The other thing the body can’t do is wave a wand, David Blaine style, and make excess cholesterol and saturated fat disappear from all the animal protein consumed on a typical low carb diet. High cholesterol is the number one risk factor for heart disease, which is the leading cause of death in the United States and Australia.
The best way to get all the stuff the body needs while avoiding the stuff it doesn’t is to focus the diet around complex carbohydrate-rich whole plant foods.
No other foods give us the abundance of vitamins, minerals, antioxidants, enzymes, fiber, and phytochemicals that whole plant foods provide, and when people turn to a low carb diet, they’re missing out on the party.
I’m talking beans and legumes, nuts and seeds, veggies, fruits and whole grains. Holla’ to the all-stars.
The carbs that aren’t doing anyone any favors are refined carbohydrates.
Cakes, cookies, crackers, white flour, white bread, white pasta, donuts, candy, all the delicious stuff that’s not great for our health – vegan or not.
Any food that has been stripped of its nutrients is health damaging, not health promoting.
Whatever the nutrition topic it always seems to come back to this:
It’s not about the quantity of what we eat, it’s about the quality of what we eat.
If you’re ready to eat delicious complex carbohydrate rich meals, sign up for Plant Fueled Life. It’s a game changer!
For the Pesto
- 1 cup walnuts 110g
- 2 cups fresh basil leaves 50g
- 1 large garlic clove grated or minced
- 2 teaspoons lemon juice 10ml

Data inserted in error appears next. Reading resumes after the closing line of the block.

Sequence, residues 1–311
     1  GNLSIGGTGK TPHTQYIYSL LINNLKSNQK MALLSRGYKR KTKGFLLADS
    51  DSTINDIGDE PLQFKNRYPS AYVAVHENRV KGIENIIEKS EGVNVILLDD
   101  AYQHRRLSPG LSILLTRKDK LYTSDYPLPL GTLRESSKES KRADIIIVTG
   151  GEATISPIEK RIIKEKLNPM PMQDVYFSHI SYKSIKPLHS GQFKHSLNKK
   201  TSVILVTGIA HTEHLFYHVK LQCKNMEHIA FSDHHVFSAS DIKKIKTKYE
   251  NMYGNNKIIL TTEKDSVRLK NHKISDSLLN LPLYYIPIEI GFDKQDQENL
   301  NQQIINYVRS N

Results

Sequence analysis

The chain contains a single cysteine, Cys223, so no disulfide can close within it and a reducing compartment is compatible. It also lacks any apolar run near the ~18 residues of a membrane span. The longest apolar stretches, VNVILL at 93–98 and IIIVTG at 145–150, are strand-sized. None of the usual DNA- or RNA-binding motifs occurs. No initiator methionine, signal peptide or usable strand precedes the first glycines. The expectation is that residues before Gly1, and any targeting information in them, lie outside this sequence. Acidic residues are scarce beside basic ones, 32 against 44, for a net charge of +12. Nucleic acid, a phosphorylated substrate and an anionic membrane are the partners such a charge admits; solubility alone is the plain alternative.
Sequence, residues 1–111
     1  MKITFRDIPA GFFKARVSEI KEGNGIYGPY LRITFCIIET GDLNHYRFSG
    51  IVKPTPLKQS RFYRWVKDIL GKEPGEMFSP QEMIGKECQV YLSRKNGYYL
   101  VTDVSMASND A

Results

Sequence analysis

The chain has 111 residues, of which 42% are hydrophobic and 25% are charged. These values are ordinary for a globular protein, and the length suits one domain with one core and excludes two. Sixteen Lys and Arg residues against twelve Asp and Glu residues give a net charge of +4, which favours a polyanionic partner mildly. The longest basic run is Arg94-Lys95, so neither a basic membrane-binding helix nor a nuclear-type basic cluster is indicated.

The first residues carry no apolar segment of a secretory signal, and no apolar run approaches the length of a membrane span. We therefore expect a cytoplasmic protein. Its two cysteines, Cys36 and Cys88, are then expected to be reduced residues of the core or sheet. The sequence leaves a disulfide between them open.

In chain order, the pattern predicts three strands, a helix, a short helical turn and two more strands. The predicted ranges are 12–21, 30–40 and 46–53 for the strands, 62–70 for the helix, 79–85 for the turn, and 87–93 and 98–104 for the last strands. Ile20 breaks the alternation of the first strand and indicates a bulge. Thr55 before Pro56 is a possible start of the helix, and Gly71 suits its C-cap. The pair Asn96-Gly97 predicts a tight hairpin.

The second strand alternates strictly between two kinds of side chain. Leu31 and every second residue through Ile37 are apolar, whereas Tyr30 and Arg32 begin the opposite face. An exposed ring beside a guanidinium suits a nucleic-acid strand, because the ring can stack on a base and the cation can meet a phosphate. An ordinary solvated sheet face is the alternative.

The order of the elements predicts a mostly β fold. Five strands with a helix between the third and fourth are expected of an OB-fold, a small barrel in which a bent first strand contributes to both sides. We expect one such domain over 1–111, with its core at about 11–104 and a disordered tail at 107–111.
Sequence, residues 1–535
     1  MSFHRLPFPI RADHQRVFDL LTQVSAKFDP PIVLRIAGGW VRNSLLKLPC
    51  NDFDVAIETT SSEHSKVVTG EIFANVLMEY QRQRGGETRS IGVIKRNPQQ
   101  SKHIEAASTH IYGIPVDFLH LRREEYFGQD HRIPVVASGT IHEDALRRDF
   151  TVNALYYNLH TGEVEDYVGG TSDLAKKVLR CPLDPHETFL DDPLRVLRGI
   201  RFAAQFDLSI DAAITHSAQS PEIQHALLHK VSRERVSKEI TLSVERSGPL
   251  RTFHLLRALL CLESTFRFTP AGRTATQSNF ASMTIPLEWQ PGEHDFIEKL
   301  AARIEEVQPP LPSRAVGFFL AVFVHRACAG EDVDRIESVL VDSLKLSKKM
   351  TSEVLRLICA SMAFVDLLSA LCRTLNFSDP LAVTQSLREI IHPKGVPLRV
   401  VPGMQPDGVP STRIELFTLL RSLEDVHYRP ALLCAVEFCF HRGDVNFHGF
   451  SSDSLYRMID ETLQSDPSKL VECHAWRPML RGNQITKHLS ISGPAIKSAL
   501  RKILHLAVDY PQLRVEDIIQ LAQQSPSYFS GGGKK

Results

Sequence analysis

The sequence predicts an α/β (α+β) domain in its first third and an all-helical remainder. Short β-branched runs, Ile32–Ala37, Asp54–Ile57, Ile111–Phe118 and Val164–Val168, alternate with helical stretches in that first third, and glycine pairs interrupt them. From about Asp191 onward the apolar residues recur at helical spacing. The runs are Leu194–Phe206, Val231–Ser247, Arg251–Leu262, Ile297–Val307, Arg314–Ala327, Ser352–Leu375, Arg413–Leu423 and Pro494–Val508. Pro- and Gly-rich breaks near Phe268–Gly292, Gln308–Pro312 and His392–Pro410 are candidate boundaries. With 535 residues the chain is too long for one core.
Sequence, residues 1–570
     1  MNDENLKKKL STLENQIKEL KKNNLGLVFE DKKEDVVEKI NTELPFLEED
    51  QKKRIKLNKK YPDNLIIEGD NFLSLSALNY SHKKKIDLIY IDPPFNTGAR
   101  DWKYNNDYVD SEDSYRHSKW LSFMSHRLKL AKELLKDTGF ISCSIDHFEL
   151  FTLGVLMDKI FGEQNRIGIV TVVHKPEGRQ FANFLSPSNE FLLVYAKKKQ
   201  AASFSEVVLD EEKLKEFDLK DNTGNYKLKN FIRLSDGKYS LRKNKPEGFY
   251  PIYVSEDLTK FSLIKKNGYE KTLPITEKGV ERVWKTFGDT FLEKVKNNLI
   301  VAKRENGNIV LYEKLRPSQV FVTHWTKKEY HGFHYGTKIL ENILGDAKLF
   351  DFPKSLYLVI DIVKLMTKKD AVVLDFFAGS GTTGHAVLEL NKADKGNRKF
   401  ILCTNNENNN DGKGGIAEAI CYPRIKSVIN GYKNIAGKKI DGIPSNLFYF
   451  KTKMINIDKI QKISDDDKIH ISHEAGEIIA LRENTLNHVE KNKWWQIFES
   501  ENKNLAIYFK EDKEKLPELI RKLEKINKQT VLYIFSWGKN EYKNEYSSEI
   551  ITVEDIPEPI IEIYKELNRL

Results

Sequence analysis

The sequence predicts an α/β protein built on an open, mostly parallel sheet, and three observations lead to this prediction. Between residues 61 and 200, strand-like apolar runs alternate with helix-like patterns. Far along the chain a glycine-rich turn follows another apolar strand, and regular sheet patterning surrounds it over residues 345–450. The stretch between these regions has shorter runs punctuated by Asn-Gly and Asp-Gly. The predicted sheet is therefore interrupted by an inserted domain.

- ¼ teaspoon sea salt
- ½ cup water
For the Mushrooms
- 3 garlic cloves minced
- 2 tablespoons shallots 20g, minced
- ¼ cup parsley 8g, chopped
- 4 cups mushrooms 230g, sliced
- ¼ teaspoon sea salt
- sprouted whole grain bread
- cherry tomatoes, cut into half or quarters
Make the Pesto
- Heat a cast iron skillet over medium heat for about a minute and then add the walnuts.
- Turn the heat to low and toast the walnuts, stirring occasionally for 3 minutes. Keep an eye on them to make sure they don't burn.
- Place the toasted walnuts along with the basil, garlic, lemon juice, sea salt and water in the food processor and process for several minutes until creamy and smooth.
Make the Mushrooms and assemble your sandwich
- Heat a cast iron skillet over medium heat for a minute or so until it's warm.
- Add the garlic, shallots and parsley and cook for a couple of minutes, adding 1 tablespoon of water at a time when the mixture starts to stick to the pan. You don't want the pan to be full of water, you want the water to evaporate quickly just to give some moisture to the mixture. This will draw the flavor out of the garlic and the shallots.
- After 2 minutes or so, add the mushrooms and the sea salt and another tablespoon of water.
- Cook the mushrooms for 4 or 5 minutes, stirring frequently until all the mushrooms are soft.
- To assemble, toast some sprouted whole grain bread, spread on a generous amount of pesto, pile on the tomatoes and top with the mushrooms.
I hope you have a lovely week. May it be filled with lots of blueberries and minimal screens.